The OIG incorporated COBIT into its Policies and Procedures Manual and used it as an integral resource for all OIG IT audit activities. As a result, COBIT was a key element of the audit planning process, skill/knowledge assessments of staff, training needs assessments of all staff and the audit reporting process.
COBIT was used as an audit planning tool to:
COBIT was then used to create detailed audit plans. For example, a business impact analysis (BIA) audit was considered for inclusion in the annual audit plan and an audit planning sheet was prepared. The planning sheet included background on the House's BIA process, the potential risks, potential benefits, prior audit coverage, audit objectives, audit staff requirements and the audit schedule. Specifically, audit objectives were identified to focus on evaluating the adequacy and completeness of the BIA to identify and prioritize critical IT functions. These objectives were mapped to correspond with COBIT's domains and high-level control objectives (in this case three domains and four high-level control objectives were applicable). Detailed audit procedures were developed based on COBIT's audit guidelines, incorporating Federal government auditing requirements and computer assisted audit techniques.
Because auditors working in IT need specialized expertise, COBIT was used to perform knowledge/skill assessments to ensure the auditor would have the necessary experience and therefore, the audit would be accomplished successfully. The OIG also used COBIT to determine the training needs of its staff for performing the planned audits.
Auditors rated their ability to work in the COBIT domains and evaluated their ability to audit the specific high-level control objectives. Each auditor's education, training and experience in IT was characterized based on three skill sets:
To evaluate training opportunities, a database of courses was maintained based on the course's ability to provide a skill set that supports the COBIT domains and control objectives. Other factors such as course cost, schedule and instructor past performance also were considered. Based on the COBIT course assessment, managers were able to select the best course for auditors at the appropriate time. As a result, a basis was established to evaluate auditors' skills and select the best IT training courses available.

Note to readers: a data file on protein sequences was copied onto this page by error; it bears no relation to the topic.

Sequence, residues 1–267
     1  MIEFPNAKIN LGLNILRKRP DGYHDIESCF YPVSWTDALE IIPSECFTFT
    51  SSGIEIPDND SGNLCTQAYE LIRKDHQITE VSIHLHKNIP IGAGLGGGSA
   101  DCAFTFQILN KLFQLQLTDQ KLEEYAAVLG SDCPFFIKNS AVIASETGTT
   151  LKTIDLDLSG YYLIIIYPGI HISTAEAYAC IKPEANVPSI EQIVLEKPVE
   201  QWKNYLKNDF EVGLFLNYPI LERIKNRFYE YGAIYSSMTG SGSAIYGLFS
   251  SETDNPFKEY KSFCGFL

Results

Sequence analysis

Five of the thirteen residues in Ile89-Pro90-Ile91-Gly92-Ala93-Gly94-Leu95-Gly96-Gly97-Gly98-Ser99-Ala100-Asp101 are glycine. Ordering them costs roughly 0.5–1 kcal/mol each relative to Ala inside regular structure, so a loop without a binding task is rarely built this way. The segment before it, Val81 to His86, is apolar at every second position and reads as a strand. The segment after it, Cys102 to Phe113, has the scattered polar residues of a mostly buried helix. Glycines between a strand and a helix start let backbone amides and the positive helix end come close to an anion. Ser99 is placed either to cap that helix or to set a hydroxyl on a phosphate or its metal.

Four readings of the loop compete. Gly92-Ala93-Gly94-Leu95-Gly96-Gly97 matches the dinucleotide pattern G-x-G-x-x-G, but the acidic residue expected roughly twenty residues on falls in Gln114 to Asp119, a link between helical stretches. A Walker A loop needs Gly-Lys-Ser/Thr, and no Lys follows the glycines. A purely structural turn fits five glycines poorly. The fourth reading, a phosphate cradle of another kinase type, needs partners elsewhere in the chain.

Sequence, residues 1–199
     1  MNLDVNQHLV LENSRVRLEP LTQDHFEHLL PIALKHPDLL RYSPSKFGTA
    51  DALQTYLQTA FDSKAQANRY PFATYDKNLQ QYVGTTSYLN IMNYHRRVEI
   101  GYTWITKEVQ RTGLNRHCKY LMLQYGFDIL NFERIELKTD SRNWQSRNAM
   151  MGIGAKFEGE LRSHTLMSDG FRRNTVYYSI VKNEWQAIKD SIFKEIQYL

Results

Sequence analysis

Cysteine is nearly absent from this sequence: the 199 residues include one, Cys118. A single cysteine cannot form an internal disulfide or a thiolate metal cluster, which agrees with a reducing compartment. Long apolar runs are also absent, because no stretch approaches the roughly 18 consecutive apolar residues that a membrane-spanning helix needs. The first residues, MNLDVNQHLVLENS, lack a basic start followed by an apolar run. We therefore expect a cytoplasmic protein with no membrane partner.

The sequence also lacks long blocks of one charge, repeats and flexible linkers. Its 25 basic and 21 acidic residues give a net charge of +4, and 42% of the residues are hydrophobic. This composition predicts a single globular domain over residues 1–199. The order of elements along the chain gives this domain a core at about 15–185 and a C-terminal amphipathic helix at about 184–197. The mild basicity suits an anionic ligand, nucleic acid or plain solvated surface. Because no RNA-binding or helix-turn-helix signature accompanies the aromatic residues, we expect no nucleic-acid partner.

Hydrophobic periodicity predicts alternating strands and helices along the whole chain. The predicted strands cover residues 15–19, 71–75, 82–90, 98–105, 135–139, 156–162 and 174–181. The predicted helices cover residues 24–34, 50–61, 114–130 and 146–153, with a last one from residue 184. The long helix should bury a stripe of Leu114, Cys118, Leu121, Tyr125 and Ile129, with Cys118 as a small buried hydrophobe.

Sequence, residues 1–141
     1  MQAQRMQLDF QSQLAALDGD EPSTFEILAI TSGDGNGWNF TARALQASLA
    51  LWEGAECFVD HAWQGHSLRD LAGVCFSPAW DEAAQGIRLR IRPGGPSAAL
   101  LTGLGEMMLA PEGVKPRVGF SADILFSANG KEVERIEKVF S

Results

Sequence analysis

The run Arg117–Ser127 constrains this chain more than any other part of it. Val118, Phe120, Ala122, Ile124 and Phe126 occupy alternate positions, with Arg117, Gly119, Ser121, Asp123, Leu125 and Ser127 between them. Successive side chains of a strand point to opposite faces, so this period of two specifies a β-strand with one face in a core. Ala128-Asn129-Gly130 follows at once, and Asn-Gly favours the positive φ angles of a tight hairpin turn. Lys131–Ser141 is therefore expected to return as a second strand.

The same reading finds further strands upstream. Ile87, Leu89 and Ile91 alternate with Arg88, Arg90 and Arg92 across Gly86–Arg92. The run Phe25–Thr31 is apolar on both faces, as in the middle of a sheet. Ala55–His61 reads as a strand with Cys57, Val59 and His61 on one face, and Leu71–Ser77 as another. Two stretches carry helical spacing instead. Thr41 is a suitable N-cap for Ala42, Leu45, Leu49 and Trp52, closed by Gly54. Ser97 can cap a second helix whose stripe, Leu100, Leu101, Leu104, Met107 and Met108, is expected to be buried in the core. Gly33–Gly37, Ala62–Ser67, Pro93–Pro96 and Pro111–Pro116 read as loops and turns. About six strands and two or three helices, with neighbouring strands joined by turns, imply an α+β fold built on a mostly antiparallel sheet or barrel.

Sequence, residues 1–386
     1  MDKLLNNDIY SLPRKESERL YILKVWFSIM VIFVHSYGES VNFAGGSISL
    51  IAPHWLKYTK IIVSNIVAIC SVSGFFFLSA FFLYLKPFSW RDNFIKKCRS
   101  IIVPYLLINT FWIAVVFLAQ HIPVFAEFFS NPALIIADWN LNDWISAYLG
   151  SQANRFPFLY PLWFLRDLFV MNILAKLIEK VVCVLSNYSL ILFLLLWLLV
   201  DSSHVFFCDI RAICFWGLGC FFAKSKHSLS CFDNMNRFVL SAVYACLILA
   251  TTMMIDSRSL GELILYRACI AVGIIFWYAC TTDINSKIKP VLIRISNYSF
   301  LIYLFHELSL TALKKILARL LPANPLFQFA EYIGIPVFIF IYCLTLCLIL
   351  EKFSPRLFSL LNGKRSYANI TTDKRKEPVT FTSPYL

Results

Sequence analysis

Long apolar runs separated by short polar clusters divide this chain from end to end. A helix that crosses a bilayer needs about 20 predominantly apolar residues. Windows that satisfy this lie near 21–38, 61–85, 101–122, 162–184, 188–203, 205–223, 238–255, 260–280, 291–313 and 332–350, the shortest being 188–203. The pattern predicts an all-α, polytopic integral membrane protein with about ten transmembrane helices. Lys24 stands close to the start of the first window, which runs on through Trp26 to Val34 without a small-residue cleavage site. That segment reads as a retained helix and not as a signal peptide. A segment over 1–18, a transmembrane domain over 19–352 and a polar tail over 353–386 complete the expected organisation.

Finally, the OIG's annual training plan was developed and approved, based on the skill/knowledge assessments and available training opportunities, to accomplish the approved annual audit plan.
In addition, the OIG used COBIT as internal control and audit criteria in its audit reports, and used the COBIT domains and control objectives to facilitate reporting. For example, the audit objectives in one audit were to evaluate the effectiveness of the general control environment surrounding Windows NT client/servers. Although no serious breaches were found, the audit identified three major areas needing improvement that fell within the following COBIT domains:
Ensuring system security/virus protection and using standard naming conventions were among the findings. Resulting recommendations were categorized as High, Medium or Low priority so management could implement the needed corrective actions in an orderly manner. Each audit finding was based on the COBIT control objectives and the control objectives and domains were identified as audit criteria. Finally, the recommendations were taken from the control objectives and audit guidelines (substantiating the risk of control objectives not being met section).
The House found that COBIT made a great tool for running the operations of the House and for the audits of the House. The CAO (and senior managers on his staff) and the Inspector General (and his Director, IT Audits) collaborated to use COBIT to improve the operations of the House. As a result, an IT governance framework was established that included a sound SDLC methodology, grounded in COBIT's domains and control objectives, and an IT steering committee (on which the OIG was an advisory member) that guided the IT activities of the House.